Kingston Regional Fair
A Nation Moving Forward - Truth And Reconciliation
A Nation Moving Forward -Truth And Reconciliation will provide an overview of the history of Canada's residential schools and the development of The Truth and Reconciliation Commission. I will discuss how we as Canadians can help ensure the history of our Aboriginal communities isn't forgotten but respected as we move forward as a Nation working together to correct the wrong that was done.
What was the most interesting thing you learned about your topic?
The most interesting thing I learned about my topic was about the poor conditions that children living in residential schools had to deal with. Not being able to see their family, or speak their own language, forced to cut their hair, live in crowded dormitories and wear uniforms similar to the life of a prisoner instead of a child. Everything they knew and loved was taken away.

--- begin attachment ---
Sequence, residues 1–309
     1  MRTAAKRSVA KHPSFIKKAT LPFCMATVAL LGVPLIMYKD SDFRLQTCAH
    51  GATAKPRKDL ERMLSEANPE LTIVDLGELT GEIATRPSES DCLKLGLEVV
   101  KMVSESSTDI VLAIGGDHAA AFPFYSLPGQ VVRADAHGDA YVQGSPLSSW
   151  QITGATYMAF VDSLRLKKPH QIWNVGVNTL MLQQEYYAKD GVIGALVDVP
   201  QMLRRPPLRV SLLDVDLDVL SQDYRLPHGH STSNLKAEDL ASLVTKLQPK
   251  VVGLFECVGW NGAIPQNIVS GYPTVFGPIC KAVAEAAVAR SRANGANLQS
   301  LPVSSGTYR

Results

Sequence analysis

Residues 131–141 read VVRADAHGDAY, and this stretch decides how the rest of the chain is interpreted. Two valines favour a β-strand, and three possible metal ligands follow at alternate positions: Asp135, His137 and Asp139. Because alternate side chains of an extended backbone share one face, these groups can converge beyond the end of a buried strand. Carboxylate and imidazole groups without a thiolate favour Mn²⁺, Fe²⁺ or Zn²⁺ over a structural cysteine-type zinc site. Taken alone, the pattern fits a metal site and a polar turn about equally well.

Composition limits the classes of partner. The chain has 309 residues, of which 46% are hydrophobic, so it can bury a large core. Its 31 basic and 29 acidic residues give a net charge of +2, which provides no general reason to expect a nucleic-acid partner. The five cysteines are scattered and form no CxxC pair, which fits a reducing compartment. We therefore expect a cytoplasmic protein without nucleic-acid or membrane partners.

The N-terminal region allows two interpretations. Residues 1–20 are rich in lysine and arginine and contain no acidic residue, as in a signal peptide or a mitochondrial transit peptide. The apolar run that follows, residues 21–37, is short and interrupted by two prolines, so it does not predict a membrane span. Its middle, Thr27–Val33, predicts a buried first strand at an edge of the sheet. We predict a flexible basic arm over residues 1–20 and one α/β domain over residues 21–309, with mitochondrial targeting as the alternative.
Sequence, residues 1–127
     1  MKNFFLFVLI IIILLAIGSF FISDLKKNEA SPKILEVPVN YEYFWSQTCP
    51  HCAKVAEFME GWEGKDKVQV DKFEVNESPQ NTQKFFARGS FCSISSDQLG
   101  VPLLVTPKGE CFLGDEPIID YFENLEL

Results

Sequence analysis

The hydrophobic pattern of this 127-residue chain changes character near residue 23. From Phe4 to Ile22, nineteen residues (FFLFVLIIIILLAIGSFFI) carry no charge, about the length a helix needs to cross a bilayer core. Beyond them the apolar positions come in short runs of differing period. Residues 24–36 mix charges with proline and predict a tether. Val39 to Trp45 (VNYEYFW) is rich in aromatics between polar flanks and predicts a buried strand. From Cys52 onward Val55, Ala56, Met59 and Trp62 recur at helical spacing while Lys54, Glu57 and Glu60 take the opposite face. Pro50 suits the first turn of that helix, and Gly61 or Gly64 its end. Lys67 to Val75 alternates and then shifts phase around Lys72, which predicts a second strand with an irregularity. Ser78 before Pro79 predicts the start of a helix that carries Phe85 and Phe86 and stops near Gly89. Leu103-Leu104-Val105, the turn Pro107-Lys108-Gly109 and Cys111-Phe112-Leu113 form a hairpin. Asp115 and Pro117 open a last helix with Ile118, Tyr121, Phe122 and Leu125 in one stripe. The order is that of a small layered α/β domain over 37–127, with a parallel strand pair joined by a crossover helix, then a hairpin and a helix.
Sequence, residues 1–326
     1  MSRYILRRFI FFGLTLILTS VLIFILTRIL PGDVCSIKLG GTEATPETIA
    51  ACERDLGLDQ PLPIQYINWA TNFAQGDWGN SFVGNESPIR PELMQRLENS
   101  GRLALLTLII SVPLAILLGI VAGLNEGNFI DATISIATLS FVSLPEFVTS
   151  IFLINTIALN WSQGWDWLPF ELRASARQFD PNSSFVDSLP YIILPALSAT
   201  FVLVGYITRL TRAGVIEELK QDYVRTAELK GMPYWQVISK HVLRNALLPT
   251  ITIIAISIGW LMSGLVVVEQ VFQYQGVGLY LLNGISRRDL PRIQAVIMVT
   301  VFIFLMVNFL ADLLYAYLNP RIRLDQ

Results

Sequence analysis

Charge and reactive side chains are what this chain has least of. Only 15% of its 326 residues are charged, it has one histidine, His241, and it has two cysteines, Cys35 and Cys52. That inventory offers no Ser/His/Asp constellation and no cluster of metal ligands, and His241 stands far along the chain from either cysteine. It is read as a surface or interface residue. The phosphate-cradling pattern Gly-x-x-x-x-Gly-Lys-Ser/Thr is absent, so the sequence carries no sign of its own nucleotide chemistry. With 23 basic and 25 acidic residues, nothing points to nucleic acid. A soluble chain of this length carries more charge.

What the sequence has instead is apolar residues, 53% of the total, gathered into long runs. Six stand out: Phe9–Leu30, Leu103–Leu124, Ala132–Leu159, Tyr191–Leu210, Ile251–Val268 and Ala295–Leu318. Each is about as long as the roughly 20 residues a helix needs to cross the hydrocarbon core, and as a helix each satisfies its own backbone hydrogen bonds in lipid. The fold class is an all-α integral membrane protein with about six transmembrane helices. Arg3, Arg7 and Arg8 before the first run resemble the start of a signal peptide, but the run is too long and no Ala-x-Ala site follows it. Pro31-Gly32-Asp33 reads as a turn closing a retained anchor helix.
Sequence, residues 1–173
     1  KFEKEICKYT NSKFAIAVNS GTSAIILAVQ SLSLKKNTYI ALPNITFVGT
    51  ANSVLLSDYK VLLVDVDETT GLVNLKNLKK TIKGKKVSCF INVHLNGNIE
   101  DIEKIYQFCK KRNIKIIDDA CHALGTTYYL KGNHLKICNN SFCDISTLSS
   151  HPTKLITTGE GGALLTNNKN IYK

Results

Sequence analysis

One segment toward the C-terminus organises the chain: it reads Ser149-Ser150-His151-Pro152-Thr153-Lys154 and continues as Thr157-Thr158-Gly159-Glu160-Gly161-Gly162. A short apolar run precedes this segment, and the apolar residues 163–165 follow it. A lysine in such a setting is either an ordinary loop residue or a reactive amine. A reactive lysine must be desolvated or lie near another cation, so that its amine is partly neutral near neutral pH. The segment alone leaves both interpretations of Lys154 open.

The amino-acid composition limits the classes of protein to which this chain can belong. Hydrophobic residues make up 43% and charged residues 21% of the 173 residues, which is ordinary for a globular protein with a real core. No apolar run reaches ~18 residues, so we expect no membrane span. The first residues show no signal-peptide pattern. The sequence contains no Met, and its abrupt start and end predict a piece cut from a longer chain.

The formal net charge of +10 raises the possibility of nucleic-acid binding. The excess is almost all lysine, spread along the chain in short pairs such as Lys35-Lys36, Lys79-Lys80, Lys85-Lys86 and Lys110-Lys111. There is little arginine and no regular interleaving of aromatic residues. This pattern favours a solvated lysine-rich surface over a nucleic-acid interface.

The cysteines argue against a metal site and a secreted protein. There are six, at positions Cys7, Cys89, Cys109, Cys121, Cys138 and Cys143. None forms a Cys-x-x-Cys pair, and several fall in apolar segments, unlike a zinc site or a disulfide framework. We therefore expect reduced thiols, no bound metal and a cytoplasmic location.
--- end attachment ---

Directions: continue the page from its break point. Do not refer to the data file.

What important lessons have you learned that you want to share with other Canadians?
One of the most important lessons I have learned from working on my project is the impact government decisions can have on us as Canadians. To realize decisions made over a century ago still have such an effect on our communities today. For example the long term effects of depression and addiction that are today impacting the children and grandchildren of residential school survivors.
How would you compare your life today to the lives of those studied in your project?
I feel very fortunate to have a much better life than those of the children who lived in residential schools. I go to school where everyone is treated as equal no matter what your heritage, we have opportunity to express ourselves freely and to learn from each other without fear.